In basketball, the five-second rule, or five-second violation, is a rule that helps promote continuous play. There are multiple situations where a five-second violation may occur.
Under all basketball rule sets, a team attempting to throw a ball in-bounds has five seconds to release the ball towards the court. The five second clock starts when the team throwing it in has possession of the ball (usually bounced or handed to a player while out of bounds by the official).
Loss of ball. Possession will be awarded to the opponent at the previous out of bounds spot.
A five-second closely guarded violation may be called against an offensive player with the ball when that player is guarded closely for five seconds or more, and does not pass, shoot, or dribble within that time.
Under NCAA men's rules, to be considered "closely guarded", a defender must be guarding a player who is located in the frontcourt and within six feet of the player. The count applies to a player who is only holding the ball. Prior to the 2015-16 season, the rule included those dribbling the ball as well. This allows for multiple closely guarded counts to occur. NCAA women's rules require the defender to be within three feet and can occur anywhere on the playing court, but only applies when the offensive player is holding the ball. A count ends whenever the player with the ball gets his head and shoulders past the defender, the defender is no longer within the required distance, the same defender does not continuously closely guard the player in control of the ball, or another opponent is between the defender and the ball.
High school rules mimic men's college basketball's closely guarded rule. A defender must be guarding the player in control of the ball, in the frontcourt, and must be within six feet of the player. A player may be holding or dribbling the ball. If defensive teammates switch, and both are within six feet of the player in control of the ball, the same count is continued.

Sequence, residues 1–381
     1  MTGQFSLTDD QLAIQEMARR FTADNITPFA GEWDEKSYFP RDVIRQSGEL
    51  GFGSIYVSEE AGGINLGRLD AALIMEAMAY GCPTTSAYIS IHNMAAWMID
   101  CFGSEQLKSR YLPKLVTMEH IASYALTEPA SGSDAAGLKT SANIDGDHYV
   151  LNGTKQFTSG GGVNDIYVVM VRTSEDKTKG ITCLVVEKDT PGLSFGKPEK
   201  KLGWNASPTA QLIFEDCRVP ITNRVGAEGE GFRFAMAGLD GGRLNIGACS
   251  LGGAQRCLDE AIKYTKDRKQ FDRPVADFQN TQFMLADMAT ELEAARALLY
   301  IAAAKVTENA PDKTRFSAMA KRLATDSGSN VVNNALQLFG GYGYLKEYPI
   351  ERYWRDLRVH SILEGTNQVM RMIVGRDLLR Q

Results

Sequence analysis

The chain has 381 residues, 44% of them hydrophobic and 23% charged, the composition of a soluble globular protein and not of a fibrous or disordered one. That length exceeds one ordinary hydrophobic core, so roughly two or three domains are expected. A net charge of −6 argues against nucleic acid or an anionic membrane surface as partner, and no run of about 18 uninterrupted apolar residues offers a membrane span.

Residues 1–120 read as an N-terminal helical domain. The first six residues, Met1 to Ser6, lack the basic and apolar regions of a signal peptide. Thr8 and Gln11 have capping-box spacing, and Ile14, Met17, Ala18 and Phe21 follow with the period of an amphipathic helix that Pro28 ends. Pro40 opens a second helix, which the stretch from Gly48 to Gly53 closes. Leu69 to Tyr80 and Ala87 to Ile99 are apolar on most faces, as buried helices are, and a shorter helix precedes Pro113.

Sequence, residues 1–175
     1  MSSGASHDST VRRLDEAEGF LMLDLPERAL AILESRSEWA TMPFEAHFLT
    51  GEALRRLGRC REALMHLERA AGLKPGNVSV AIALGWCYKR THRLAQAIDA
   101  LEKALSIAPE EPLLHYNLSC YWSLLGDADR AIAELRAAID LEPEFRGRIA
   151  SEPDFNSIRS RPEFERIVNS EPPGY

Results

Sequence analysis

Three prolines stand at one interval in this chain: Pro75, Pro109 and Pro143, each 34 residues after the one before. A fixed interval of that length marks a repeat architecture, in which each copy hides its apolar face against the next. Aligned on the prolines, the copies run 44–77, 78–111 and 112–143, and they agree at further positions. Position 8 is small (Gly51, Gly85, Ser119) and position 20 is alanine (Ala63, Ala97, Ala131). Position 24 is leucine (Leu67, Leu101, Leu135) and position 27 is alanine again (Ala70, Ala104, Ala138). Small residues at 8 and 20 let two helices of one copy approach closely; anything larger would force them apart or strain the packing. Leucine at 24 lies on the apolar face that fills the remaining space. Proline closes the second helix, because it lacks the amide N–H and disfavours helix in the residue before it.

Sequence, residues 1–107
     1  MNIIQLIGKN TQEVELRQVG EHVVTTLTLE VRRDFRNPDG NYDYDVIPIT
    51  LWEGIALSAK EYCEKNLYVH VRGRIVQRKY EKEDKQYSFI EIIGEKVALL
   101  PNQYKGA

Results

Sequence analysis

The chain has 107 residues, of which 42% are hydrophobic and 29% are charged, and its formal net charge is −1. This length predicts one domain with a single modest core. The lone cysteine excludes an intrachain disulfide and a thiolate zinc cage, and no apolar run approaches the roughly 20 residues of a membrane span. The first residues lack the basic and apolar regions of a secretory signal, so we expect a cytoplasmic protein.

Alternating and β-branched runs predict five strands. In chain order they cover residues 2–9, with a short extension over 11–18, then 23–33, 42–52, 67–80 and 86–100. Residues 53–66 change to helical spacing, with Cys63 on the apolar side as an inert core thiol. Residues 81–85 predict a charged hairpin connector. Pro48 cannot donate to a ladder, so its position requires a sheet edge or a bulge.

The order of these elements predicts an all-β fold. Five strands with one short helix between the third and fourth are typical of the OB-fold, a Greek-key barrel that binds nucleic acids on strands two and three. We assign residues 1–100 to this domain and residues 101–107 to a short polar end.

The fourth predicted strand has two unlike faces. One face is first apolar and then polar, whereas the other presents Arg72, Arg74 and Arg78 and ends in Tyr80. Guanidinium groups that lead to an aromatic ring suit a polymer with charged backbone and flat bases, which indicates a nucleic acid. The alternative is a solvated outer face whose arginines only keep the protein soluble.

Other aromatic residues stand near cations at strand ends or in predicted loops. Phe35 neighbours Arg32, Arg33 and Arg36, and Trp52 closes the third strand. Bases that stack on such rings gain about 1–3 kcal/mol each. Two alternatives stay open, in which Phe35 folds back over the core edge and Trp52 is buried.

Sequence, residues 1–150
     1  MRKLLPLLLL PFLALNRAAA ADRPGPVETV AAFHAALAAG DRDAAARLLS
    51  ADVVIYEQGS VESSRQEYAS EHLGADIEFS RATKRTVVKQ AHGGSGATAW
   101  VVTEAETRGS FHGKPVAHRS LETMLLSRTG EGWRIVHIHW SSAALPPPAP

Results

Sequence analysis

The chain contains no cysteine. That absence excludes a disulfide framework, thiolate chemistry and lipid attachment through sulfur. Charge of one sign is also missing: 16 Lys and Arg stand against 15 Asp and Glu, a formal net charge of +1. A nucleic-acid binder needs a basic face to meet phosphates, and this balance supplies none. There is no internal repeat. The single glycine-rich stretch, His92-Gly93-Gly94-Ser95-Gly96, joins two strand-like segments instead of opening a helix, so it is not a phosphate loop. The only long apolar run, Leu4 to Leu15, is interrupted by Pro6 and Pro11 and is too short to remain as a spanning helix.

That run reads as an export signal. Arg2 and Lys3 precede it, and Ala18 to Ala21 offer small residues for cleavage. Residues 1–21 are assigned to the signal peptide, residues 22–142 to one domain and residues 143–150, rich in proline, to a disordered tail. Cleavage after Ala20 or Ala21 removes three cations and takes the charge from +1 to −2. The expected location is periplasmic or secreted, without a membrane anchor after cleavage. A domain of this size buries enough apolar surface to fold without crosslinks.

Under FIBA rules, a defender must be within one meter of a player holding the ball and must be in an active guarding position. This count can occur anywhere on the playing court.
In the NBA this rule is applied only in a throw in scenario.
A five-second count will begin if an offensive player with the ball and not facing-up starts dribbling below the free throw line extended while being closely guarded or starts dribbling outside and then penetrates below the free throw line extended while being closely guarded. (The five-second count commences when the offensive player penetrates the free throw line extended.) After five seconds, a violation will have occurred and the offensive team will lose possession.
The penalty for a five-second closely guarded violation is loss of ball. The opposing team will throw-in the ball from the out-of-bounds spot nearest the violation.
In the NBA, a player in the frontcourt, below the free throw line extended, is not permitted to dribble the ball with his back or side to the basket for more than five seconds. A count ends when:
Loss of ball. The opponent is awarded the ball at the free throw line extended.
A free throw shooter, under FIBA rules, must throw the ball towards the hoop within five seconds after an official places it at his disposal. (Under North American rule sets, the shooter is allowed 10 seconds.)
If the free throw is successful, then the point shall not count. The ball is awarded to the opponent at the free throw line extended unless another free throw is to follow or a possession penalty is to follow.